Natural Advanced Geography

Cover and Preface

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Cover and Preface: Page 3

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Physical Features

The Hawaiian Islands lie in the Pacific Ocean, about 2500 miles southwest of San Francisco. The islands of this group are twelve in number, and the chain extends in an irregular line from northwest to southeast, between about 18° and 23° north latitude. The area of the seven inhabited islands is 6449 square miles, or about two thirds that of the state of Vermont. The largest island, Hawaii, is considerably smaller than the state of Connecticut; Oahu is half as large as Rhode Island. The whole chain consists of a series of volcanoes, all now extinct, except Mauna Loa and Kilauea, in the island of Hawaii. Mauna Kea, in the same island, has an altitude of 13,805 feet. Nearly all the islands are partly surrounded by reefs, and the mountainous surface is everywhere broken by valleys and running streams, but there are no rivers.

Of mineral products there are none except those which occur in volcanic regions, such as sulphur, copperas, and niter. The Climate is warm, the air is pure and agreeable, being refreshed by the northeast trade winds, and the temperature, seldom rising above 88°, is made equable by the vast surrounding ocean. The average yearly rainfall is about 50 inches, although in the island of Hawaii it reaches 200 inches.

Vegetation and Animals

The windward mountain slopes and valleys are covered with a dense tropical growth, and the forests contain much valuable timber. The more useful indigenous trees and plants inelude the screw pine, the cocoanut, the candlenut, used for lighting, the breadfruit, the banana, and the wonderfully nutritive taro, the principal food plant of the natives. Pigs, dogs, and rats are found, but have been introduced by man. There are snipes, plovers, ducks, and a few singing birds. Imported goats and cattle have increased into wild herds. The only reptile is a small lizard.


As yet there is no extensive manufacturing, and agriculture is the main occupation. Sugar cane is the most important crop, and sugar making is the leading industry. Coffee, which grows on the elevated lands, is the next important product, and is rapidly increasing in importance. Rice is raised on marshy fields by Chinamen.

The common garden vegetables, peaches, oranges, pineapples, bananas, the guava for jelly - all produce abundantly. The tea plant, and the ramie and the tree-fern pulu, both yielding a fine fiber for weaving and for cushions, have been suecessfully introduced. There are large sheep farms, and the wild cattle are killed for their hides.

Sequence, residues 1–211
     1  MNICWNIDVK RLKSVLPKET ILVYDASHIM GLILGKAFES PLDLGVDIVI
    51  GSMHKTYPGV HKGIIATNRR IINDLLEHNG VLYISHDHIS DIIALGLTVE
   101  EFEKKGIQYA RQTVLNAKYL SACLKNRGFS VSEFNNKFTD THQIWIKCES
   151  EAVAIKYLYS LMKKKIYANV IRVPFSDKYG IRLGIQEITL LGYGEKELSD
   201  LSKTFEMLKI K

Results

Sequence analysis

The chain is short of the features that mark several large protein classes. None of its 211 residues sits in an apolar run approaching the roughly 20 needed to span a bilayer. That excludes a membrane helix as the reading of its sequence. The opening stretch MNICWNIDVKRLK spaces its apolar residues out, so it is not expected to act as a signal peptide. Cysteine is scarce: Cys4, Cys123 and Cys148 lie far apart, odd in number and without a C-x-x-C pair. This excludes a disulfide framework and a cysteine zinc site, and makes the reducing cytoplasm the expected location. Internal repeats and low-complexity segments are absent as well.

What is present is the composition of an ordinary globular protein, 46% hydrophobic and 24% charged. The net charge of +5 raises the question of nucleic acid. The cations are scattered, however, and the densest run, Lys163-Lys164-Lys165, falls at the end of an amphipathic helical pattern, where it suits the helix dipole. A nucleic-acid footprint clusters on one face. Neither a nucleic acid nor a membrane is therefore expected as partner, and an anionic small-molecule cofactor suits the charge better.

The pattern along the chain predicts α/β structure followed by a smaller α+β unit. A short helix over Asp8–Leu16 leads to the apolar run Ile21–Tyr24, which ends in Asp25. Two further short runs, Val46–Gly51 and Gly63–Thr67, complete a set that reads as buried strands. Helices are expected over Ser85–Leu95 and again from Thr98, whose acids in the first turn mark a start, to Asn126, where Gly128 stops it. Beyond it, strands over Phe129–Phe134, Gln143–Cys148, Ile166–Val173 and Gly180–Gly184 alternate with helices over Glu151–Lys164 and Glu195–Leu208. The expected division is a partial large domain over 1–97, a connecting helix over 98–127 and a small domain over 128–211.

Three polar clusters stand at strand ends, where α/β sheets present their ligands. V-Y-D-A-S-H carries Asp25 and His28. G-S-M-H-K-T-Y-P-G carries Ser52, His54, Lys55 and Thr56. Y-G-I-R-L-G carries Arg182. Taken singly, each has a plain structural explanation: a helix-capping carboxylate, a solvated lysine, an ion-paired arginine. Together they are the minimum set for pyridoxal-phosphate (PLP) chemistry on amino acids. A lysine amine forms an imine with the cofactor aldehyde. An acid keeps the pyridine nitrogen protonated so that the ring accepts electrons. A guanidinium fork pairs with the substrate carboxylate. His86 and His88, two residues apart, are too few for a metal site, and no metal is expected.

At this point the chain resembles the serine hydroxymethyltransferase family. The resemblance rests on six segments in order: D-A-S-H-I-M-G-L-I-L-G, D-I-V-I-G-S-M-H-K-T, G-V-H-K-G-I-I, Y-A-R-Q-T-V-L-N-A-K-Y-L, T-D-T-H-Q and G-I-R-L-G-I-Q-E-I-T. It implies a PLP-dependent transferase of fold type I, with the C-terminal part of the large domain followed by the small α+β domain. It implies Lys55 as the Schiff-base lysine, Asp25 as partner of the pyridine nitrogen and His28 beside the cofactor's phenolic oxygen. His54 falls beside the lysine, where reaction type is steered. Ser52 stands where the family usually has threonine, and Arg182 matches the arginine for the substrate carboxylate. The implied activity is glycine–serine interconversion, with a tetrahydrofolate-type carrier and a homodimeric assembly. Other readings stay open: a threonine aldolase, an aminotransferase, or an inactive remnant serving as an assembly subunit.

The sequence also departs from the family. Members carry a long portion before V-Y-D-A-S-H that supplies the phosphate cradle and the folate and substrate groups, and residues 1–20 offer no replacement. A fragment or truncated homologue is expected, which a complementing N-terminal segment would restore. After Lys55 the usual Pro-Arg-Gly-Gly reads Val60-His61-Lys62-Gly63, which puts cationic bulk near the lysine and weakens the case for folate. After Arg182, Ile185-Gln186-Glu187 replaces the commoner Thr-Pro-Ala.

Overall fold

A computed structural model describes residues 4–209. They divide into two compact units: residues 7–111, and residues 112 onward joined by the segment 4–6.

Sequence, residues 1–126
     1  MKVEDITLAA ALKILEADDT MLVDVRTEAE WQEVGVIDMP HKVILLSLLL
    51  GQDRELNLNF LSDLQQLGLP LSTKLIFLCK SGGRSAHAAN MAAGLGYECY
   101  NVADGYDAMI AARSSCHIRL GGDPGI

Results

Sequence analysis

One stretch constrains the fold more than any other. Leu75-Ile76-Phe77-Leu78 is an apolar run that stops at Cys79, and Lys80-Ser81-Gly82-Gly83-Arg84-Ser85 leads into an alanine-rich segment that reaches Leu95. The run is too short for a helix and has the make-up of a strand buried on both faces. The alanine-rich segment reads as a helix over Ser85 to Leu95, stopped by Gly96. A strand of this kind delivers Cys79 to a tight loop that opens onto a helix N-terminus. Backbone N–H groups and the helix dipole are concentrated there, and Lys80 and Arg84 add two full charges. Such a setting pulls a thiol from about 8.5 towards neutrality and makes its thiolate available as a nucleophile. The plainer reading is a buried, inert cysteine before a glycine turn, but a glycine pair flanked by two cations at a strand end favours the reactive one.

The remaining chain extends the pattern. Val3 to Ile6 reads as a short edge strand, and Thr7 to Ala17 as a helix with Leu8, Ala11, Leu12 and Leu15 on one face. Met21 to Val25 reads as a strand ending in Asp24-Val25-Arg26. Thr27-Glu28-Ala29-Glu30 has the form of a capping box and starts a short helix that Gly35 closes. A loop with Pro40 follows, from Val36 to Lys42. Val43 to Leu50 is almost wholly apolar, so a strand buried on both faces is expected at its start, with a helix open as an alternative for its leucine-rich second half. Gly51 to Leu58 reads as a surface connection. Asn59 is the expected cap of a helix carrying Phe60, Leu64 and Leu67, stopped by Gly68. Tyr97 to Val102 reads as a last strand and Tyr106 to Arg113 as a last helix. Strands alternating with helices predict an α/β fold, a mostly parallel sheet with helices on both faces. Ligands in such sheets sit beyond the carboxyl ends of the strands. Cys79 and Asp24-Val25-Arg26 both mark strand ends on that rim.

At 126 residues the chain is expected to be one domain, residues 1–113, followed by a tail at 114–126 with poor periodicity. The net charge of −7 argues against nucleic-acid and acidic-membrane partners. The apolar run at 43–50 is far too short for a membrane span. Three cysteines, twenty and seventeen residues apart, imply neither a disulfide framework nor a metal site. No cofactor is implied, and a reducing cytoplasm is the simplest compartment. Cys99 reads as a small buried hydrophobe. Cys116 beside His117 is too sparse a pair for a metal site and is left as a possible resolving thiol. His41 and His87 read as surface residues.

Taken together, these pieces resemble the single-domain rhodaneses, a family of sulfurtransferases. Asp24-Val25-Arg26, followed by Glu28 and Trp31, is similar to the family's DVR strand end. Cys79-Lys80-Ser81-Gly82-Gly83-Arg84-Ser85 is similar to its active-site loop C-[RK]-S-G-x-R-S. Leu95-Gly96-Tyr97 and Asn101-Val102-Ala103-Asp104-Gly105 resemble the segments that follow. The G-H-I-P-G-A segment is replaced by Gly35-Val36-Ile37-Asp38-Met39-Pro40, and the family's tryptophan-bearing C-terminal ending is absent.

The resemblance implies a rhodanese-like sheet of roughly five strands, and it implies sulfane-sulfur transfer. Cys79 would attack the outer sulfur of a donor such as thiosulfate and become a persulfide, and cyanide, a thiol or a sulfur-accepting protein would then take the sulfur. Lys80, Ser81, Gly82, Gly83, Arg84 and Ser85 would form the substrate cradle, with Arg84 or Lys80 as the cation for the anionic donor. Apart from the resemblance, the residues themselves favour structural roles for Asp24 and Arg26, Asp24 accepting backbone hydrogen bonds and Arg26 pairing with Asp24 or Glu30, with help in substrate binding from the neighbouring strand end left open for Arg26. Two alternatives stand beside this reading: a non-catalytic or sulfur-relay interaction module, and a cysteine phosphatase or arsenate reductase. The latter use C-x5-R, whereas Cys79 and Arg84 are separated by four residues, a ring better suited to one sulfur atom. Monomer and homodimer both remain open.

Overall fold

The Hawaiian Islands are of great commercial importance to the United States, and Honolulu is in direct line of vessels plying between the Pacific coast and China, Japan, and Australia.


The Hawaiian Islands were discovered by Captain Cook in 1778, and by him were named Sandwich Islands, in honor of the English earl of that name. Cook and the natives were friendly until he unintentionally offended against their religious customs, when they killed him, in 1779. In 1820 American missionaries began their labors in Oahu, and to them is largely due the rapid advance in civilizing the islands, and in promoting education.

The islands were governed by chiefs and monarchs until 1893, when the queen was deposed, and the group was formed into a republic. In 1898 the Hawaiian republic was annexed to the United States, and in 1900 established as the Territory of Hawaii.

The People, according to the census of 1900, number 154,001. Of this total about one sixth are Japanese; one eighth Chinese; one tenth Portuguese; 2000 British; and over 3000 Americans, who are the ruling class. The natives, called Kanakas, are gentle, intelligent, and brave, but, owing to the radical change in their customs, they are rapidly decreasing in number.

Cities and Towns

Honolulu, the capital, having a population of about 39,000, is situated on a plain on the south coast of Oahu. The harbor is more than a mile long, and admits the largest vessels. The city contains substantial government buildings, churches, and handsome residences; also several planing mills, rice mills, and iron works.

Hilo has about 20,000 inhabitants, is beautifully situated on the island of Hawaii, and is next to Honolulu in importance. On the west side of the same island is Kauhako, near the place where Captain Cook was killed, and where on a monument stands to his memory. On Maui, the most important town is Lahaina; and Wailuku, Kahului, and Spreckelsville are flourishing villages.


Physical Features

The Philippine Islands lie east. of Indo-China, and about 600 miles southeast of China, from which they are separated by the South China Sea. The most northern point in the group is in about the latitude of southern Cuba, and the most southern point is only 5 1/2° from the equator. The length of the archipelago is 1000 miles; the greatest width 640 miles. The land area is over 115,000 square miles. Various estimates have placed the number of these closely packed islands at from 480 to 2000. Luzon and Mindanao include more than half the area of the whole group. The surface is generally broken by mountains of volcanic origin. There are many water courses, the largest rivers being the Cagayan in Luzon and the Agusan Mindanao, each of these streams is over 200 miles long.

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